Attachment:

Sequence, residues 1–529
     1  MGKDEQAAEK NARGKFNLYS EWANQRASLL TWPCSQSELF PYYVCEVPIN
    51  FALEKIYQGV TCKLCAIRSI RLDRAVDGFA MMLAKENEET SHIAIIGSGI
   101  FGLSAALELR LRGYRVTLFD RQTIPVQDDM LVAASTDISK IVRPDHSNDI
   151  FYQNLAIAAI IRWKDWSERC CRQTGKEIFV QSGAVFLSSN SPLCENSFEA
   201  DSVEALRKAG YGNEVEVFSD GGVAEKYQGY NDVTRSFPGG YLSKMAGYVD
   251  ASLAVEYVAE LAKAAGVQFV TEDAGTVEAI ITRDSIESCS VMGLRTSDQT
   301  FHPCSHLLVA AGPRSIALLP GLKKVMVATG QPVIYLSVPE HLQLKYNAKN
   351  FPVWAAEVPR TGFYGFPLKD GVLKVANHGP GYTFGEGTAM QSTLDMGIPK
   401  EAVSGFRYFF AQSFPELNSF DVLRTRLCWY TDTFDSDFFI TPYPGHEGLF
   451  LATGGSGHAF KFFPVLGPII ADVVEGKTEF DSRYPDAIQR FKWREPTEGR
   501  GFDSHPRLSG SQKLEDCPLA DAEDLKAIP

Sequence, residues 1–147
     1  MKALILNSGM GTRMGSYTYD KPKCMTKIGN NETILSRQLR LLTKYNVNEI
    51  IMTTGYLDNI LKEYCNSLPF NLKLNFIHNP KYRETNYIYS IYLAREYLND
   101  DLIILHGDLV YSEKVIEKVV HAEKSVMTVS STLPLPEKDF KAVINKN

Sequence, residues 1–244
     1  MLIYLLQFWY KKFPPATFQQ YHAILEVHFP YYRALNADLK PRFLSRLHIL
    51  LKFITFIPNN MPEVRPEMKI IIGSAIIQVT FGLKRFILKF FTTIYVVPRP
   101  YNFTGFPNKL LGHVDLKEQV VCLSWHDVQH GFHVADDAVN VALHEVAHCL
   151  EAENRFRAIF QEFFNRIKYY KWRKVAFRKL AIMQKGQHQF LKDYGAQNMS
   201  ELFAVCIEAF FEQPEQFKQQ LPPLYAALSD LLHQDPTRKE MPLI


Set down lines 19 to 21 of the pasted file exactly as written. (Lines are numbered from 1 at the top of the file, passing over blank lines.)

    51  LKFITFIPNN MPEVRPEMKI IIGSAIIQVT FGLKRFILKF FTTIYVVPRP
   101  YNFTGFPNKL LGHVDLKEQV VCLSWHDVQH GFHVADDAVN VALHEVAHCL
   151  EAENRFRAIF QEFFNRIKYY KWRKVAFRKL AIMQKGQHQF LKDYGAQNMS